The end is near
Folks, the end of days are nearing for the insidious overlords of JRC, the corporate raiders that have decimated both the Saratogian and its sister paper, the Troy Record. After announcing they wouldn’t bother challenging the delisting of their abysmally performing stock last month, JRC officials announced this week the company will no longer be publically traded.
In other words, grab your parachutes, boys; this plane is going down. Don’t have one? Well, too bad.
JRC’s crack team of corporate swindlers filed the forms with the feds Thursday, indicating the company no longer intends to report its earnings and losses to the federal Security Exchange Commission. In a remarkably upbeat news release, they claimed the measure would save them the capital they were expending on such meddlesome things as accountants, administrators and other business executives needed to operate a publically traded company.
“The board of directors believes that deregistration will result in significant savings to the [JRC], permit management to focus more completely on the Company’s business operations and enable the Company to redeploy resources currently devoted to compliance reporting,” the news release stated.
Translation: we’re continuing to pillage the company, but really can’t do it as efficiently with the feds watching over us. Once we’re private, we can finish gutting all of our holdings and squirreling money away in off-shore accounts for when the company finally files for bankruptcy protection.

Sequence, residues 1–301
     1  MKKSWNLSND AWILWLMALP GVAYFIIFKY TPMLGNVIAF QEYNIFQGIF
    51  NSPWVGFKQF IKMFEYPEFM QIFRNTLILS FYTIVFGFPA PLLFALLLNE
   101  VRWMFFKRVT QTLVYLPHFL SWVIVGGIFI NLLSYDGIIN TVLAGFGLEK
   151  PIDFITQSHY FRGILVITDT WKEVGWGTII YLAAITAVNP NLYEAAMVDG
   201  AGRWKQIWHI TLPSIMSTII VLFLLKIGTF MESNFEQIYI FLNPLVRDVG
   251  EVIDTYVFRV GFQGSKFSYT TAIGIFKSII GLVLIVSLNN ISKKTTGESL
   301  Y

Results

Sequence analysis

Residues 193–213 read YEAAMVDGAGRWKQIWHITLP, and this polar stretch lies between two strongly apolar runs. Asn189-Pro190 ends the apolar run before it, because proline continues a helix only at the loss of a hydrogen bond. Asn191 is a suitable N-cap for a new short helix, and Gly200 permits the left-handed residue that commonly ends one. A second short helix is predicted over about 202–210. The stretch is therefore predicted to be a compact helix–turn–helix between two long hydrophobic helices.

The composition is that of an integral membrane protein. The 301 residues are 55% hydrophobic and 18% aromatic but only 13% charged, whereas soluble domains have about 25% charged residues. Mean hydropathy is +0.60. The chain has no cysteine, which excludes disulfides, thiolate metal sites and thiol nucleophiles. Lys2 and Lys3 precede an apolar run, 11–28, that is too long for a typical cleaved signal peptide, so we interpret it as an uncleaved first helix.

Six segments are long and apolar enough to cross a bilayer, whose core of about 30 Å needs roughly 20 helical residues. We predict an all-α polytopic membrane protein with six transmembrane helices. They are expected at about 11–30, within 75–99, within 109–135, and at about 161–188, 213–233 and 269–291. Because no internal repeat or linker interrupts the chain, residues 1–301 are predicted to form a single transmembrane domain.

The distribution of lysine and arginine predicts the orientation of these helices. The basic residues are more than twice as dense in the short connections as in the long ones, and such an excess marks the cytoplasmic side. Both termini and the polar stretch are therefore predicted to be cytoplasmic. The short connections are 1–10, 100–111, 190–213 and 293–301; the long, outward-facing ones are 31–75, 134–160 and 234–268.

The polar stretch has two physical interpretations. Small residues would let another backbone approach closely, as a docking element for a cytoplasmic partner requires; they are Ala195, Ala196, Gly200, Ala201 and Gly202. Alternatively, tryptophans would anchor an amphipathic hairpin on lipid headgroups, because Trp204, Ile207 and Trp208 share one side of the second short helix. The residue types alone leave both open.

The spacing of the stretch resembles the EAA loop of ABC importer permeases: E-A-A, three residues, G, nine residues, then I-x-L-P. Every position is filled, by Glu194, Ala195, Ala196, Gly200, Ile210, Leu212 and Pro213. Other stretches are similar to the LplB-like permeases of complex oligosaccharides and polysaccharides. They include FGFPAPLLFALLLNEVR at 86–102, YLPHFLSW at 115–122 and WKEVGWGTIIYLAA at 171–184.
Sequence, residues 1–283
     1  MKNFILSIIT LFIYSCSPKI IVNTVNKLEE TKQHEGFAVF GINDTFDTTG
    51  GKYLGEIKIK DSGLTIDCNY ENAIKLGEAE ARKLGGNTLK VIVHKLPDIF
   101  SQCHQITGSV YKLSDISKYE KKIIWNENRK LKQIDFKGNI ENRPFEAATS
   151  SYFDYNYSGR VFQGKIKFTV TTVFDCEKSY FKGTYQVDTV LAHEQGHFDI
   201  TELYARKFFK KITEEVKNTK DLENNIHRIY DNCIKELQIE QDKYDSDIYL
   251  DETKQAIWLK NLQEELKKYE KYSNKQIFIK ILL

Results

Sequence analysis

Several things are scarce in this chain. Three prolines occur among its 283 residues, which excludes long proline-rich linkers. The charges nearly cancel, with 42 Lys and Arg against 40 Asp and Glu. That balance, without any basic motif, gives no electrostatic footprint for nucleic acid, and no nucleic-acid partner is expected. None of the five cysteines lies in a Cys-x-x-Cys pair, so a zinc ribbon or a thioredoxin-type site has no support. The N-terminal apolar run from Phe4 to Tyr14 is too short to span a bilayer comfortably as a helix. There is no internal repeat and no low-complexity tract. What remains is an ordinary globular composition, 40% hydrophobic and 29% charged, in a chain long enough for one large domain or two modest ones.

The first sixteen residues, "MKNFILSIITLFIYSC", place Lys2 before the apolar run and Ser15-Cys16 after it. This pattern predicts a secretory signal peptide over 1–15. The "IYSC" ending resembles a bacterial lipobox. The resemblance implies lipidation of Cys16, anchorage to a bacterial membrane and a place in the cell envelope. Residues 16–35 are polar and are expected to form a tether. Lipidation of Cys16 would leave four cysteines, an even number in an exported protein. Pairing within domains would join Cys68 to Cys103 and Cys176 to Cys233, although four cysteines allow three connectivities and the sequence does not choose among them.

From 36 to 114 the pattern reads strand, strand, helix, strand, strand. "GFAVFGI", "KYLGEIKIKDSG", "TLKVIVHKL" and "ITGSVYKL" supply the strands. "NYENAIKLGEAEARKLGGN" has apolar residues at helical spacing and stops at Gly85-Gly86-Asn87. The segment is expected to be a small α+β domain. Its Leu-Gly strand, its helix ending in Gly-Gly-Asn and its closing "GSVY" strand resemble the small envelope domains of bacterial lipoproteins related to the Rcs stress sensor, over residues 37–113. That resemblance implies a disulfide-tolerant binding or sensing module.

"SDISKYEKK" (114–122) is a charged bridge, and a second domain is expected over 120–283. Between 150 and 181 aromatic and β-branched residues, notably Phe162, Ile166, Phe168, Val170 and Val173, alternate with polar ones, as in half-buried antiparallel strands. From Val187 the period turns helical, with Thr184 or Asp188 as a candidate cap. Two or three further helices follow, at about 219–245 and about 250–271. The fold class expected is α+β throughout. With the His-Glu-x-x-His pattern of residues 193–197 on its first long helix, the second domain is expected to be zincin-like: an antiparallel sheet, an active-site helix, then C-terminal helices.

But the adept spin doctors at JRC put a much sweeter gloss of sugar on the whole affair. Instead, they claim the privatization of the company will help them rebound. And surely they’ll still report to the stockholders “through press releases” and annual “independent” audits.
Best of all, JRC plans to maintain the “corporate governance improvements” made in recent years. You know, the same “improvements” that led to their stock plummeting from $12.18 to less than a quarter in two years. And this company has the utter gall to call itself “a leading U.S. media company.”
Sources have indicated JRC will ratchet up its penny pinching –or shall we say corporate pillaging –starting Sunday. Apparently, the New Haven Register mysteriously stopped including the standard television programming guide in its Sunday paper last month. This lead to a subscription revolt at the Register, which is often considered the crown jewel of JRC’s dwindling assets. Apparently, a similar phenomenon is expected to occur with the Saratogian this weekend, in spite of the paper actually gaining more than 100 subscribers for their Sunday edition.
As much as this blog has been devoted to prodding the Saratogian’s staff into going the extra mile in the face of their JRC overlords, these recent developments have thrust the poor pawns into an untenable situation with their livelihood. The fact that they still come to work each week is either an act of extreme courage, extreme drunkenness or abject stupidity; perhaps a smattering of all three. They are to be commended, and the bastards who put them in this situation should be brutally flogged until they resemble something passed through a meat grinder.
Nonetheless, JRC’s bow has official dipped beneath the turbulent seas of newspaper journalism. This happened after years of deliberate corporate mismanagement filled the company’s proverbial hull with water. There is no turning back now, the ship is going down. Not to worry. There are enough life jackets for the women and children. Rather, there are enough for one woman, whose column appears in the Life section most Saturdays. When the everything is said and done, chances are pretty good she’ll be among a sparse few sitting high and dry.